When I was a small child, I had a colouring book with pictures made up entirely of unconnected little dots. Each dot had a number next to it, and if you joined the dots in the correct order you would discover the picture that was hiding behind them.
I wonder how many pictures might be discovered in these collections of dots if the numbers next to them somehow got lost. If someone had never seen a map of the stars before, which stars would he or she join together to invent signs of the zodiac? How many different night skies could there be? Which world might we be living in if we had been raised by someone else and given different explanations of how the world works?
How many different interrelations or disjunctions might we find between the things which exist in this world? How many terms might we invent for things which are intangible, like peace, justice and identity? In how many ways might we link the frameworks of our values or allow them to co-exist separately? In how many ways might we see a person, and in how many ways might we interpret his or her behaviour? That’s why I keep on joining the dots.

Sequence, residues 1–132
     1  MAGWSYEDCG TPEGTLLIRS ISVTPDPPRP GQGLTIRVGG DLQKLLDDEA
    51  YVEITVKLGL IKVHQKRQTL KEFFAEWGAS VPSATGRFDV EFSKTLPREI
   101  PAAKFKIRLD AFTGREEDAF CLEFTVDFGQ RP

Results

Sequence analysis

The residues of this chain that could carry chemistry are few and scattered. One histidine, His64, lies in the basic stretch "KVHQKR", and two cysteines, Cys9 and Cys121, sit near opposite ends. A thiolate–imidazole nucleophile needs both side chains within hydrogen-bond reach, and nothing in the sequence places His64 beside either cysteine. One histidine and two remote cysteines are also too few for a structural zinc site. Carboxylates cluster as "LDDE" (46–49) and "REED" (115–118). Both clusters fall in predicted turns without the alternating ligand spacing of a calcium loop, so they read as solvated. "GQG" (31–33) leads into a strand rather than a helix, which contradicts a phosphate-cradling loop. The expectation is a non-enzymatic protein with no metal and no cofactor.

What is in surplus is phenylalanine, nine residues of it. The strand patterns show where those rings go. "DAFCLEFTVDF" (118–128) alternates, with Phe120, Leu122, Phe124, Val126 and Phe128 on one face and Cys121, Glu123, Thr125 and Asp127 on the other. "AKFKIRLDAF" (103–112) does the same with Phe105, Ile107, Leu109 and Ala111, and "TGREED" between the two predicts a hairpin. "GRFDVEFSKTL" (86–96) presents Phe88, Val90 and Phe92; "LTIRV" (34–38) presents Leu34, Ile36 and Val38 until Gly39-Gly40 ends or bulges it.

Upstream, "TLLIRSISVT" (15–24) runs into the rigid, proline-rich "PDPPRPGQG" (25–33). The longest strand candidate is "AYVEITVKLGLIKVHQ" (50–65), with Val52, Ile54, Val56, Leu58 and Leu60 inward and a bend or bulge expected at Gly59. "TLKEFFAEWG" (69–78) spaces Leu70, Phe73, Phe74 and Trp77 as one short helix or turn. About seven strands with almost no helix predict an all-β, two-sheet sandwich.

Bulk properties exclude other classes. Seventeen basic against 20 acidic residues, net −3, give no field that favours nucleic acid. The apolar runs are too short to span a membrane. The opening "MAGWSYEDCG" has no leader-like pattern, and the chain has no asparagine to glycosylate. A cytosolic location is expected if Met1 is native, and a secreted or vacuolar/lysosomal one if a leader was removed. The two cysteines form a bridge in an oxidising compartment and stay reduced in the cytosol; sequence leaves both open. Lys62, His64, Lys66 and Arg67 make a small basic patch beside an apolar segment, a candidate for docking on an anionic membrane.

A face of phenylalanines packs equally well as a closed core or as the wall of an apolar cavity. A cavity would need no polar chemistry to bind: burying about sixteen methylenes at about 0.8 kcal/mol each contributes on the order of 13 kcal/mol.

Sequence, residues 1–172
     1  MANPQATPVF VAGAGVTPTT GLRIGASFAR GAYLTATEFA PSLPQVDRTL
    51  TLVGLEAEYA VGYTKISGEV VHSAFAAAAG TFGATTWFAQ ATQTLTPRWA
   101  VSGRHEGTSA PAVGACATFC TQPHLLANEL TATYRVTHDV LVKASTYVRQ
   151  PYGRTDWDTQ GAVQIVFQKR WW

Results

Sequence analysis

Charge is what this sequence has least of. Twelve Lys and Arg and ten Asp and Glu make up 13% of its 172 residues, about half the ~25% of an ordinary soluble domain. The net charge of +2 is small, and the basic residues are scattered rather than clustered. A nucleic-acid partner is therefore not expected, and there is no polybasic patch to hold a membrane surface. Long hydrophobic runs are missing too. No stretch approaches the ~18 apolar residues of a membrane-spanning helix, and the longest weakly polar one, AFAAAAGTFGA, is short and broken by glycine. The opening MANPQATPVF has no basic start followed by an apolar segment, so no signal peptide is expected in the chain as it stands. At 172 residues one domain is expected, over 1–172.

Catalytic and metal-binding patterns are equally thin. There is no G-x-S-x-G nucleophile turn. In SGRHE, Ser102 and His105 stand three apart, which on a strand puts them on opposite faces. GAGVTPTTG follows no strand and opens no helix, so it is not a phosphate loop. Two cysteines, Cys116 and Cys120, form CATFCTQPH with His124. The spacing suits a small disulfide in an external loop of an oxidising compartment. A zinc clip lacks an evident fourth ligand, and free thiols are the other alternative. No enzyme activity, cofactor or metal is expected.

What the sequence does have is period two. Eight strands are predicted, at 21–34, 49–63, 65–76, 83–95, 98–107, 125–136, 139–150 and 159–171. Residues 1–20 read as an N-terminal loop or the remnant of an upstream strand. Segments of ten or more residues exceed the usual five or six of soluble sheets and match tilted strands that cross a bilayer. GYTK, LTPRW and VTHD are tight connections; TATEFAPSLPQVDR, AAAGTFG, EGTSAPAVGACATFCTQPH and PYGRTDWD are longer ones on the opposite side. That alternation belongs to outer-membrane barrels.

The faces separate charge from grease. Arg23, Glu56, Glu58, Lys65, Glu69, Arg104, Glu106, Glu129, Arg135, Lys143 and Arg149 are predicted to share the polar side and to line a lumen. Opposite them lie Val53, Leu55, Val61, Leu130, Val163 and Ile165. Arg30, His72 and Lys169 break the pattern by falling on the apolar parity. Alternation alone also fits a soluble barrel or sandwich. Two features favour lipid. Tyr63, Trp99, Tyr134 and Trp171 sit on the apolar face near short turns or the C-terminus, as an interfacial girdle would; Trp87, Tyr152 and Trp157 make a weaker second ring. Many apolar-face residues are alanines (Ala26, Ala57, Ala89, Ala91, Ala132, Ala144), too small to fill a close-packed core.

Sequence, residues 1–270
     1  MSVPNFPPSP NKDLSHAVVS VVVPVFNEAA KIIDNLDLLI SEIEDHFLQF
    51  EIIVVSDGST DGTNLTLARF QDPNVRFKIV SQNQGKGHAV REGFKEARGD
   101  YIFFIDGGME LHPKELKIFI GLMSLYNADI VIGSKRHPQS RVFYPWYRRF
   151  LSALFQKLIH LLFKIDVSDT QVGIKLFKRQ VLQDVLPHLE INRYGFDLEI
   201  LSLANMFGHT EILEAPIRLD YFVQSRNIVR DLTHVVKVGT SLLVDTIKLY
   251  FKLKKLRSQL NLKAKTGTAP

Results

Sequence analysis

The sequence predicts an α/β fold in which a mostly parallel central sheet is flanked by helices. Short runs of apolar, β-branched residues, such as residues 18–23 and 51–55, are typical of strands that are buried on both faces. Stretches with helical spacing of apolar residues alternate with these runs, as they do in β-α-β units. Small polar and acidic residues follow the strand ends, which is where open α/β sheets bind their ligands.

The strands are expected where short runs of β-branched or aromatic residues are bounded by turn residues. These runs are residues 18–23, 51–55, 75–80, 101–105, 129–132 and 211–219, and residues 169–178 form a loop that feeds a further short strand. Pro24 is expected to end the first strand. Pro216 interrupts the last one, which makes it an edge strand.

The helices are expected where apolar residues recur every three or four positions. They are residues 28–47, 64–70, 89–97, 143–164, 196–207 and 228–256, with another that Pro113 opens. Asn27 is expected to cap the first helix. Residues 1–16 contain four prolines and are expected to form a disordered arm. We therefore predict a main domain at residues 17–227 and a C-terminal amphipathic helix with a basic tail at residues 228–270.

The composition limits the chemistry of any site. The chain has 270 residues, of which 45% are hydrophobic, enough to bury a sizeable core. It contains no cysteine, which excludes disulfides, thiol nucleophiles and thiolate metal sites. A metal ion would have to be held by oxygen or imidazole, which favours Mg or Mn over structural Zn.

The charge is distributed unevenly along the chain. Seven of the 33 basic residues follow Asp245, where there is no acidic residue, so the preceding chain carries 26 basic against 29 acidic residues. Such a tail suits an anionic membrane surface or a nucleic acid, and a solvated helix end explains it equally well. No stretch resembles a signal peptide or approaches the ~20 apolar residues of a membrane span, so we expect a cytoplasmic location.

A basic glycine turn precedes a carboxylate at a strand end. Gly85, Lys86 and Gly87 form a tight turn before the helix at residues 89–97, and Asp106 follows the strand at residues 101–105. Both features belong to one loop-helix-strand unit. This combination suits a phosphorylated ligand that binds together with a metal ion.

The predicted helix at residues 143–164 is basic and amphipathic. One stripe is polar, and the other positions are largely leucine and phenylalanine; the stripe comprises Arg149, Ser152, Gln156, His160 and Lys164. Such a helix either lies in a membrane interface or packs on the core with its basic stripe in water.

The story “Dot to Dot” makes it clear that we construct our own reality, and that different constructions of reality are both possible and admissible. It can be used to encourage clients to be more tolerant, to question their former points of view and to examine new points of view. It also makes it clear that the way in which children see the world and the delusional beliefs of dementia patients (for example) stem from missing information and the use of imagination and emotion to fill the associated gaps.
(From: Stefan Hammel: Handbook of Therapeutic Storytelling. Sories and Metaphors in Psychotherapy, Child and Family Therapy, Medical Treatment, Coaching and Supervision, Routledge 2019)